Staunton Based Solar Firm Powers Up Washington and Lee
The Shenandoah Valley is already home to Virginia's largest solar power system. But it's about to get one that's even larger, and a Staunton company is behind both of those cutting-edge power projects.
Over 1,500 solar panels will crank out 450 kilowatts of electricity from the rooftops at Washington and Lee University. The project aims to show how energy stewardship can make financial sense.
With the stroke of a pen, Washington and Lee University committed to a massive solar energy project, one that is billed as a commitment to the future.
"For any student graduating from a liberal arts college, you have to consider that broader context. When you go out into the world … what do you owe to others, and what do you owe to those in the future," said Washington and Lee President Kenneth Ruscio.
One array of solar panels will be installed on a new canopy on a campus parking garage. Another will cover most of the roof of Lewis Hall at Washington and Lee's Law School. Together they'll generate enough electricity to power 44 homes.
The project is designed, developed and financed by Staunton based Secure Futures.
"We own and operate it. And then we sell the electricity back to the customer, in this case, the university," explained Secure Futures CEO Tony Smith.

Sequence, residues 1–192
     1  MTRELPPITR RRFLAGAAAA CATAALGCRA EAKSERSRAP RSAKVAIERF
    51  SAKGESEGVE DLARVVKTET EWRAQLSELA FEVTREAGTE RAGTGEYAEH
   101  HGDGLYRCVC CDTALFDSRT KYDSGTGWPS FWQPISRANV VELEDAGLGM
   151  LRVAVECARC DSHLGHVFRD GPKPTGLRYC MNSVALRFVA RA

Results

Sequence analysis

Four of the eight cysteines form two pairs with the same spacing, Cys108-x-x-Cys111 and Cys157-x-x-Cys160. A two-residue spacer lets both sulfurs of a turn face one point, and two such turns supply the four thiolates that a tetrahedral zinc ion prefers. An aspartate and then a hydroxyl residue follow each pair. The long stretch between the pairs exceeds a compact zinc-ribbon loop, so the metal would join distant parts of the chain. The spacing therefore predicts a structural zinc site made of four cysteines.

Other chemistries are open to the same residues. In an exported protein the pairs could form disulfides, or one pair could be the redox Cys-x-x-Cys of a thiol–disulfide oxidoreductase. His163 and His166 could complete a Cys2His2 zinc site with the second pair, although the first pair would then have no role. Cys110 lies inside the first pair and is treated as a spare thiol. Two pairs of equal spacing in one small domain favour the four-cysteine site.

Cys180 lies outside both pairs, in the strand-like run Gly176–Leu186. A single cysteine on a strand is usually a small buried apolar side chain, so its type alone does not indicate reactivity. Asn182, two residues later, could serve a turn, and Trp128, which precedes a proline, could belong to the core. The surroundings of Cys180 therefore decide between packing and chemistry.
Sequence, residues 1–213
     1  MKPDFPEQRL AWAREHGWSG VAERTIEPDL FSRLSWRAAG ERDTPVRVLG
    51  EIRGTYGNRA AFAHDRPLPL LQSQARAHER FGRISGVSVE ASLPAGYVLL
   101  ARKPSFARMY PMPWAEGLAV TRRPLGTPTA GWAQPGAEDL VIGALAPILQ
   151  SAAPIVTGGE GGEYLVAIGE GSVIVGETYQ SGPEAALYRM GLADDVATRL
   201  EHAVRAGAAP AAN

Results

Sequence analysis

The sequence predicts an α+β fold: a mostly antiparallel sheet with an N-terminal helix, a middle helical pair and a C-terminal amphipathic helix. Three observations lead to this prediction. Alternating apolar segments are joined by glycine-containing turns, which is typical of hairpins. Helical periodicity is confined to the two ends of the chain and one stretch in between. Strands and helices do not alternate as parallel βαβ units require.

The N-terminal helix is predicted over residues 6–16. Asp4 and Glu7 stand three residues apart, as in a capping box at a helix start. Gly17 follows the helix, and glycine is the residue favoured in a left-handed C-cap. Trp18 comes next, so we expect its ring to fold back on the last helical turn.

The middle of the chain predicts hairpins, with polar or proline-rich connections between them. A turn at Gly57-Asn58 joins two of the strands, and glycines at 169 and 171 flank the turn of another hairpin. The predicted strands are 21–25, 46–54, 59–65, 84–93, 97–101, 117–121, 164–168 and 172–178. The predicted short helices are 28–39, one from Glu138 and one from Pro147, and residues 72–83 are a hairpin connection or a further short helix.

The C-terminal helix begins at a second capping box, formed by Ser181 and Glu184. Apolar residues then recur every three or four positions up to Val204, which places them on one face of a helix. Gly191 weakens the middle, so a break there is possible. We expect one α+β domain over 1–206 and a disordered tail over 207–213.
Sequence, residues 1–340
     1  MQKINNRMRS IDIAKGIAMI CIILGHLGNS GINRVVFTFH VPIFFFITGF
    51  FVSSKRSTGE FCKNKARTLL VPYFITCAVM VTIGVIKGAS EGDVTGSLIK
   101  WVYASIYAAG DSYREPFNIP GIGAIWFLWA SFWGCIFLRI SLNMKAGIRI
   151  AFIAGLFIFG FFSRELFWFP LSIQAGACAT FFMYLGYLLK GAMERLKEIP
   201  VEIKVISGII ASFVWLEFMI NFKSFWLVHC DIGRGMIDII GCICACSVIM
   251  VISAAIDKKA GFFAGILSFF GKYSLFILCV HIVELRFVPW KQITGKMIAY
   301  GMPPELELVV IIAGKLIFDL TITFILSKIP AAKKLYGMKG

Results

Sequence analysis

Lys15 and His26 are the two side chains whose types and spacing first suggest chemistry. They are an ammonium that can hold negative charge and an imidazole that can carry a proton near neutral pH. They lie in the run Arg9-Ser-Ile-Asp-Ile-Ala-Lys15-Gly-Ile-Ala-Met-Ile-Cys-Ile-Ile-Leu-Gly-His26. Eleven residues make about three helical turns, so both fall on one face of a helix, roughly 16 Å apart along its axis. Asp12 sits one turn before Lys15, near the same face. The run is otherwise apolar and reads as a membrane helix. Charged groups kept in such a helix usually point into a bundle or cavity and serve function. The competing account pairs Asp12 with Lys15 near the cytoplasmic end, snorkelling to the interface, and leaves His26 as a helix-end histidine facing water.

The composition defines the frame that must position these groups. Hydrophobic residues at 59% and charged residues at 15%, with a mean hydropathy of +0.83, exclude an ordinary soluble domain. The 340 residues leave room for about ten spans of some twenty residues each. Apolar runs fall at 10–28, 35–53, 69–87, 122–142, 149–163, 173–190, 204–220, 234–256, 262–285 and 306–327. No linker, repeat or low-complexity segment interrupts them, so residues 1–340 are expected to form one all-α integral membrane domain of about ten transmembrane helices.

"We're in a position where we're able to invest now for payoffs in the future," said Ruscio.
Depending on electricity costs, that payoff may take between 10 and 20 years. But Washington and Lee is not the first school to make that long-term investment. Just last year, Secure Futures installed what will soon be Virginia's second-biggest solar power system, at Eastern Mennonite University in Harrisonburg.
"The project at Eastern Mennonite University really paved the way in Virginia and we had to overcome a lot of hurdles. And it was on stroke of that success that Washington and Lee decided to embark on this project," said Smith.
Secure Futures hopes to show that weaning ourselves from fossil fuels can make financial sense. The company says its found success in renewable energy without much help from Richmond.
Smith stated, "Virginia's one of the toughest in the country to make this scale of solar work, unlike other states that have higher electric rates, more incentives. We're essentially swimming in our own blue ocean right now in Virginia because no one else is crazy enough to do something like this."
Washington and Lee will throw the switch on the new system by December.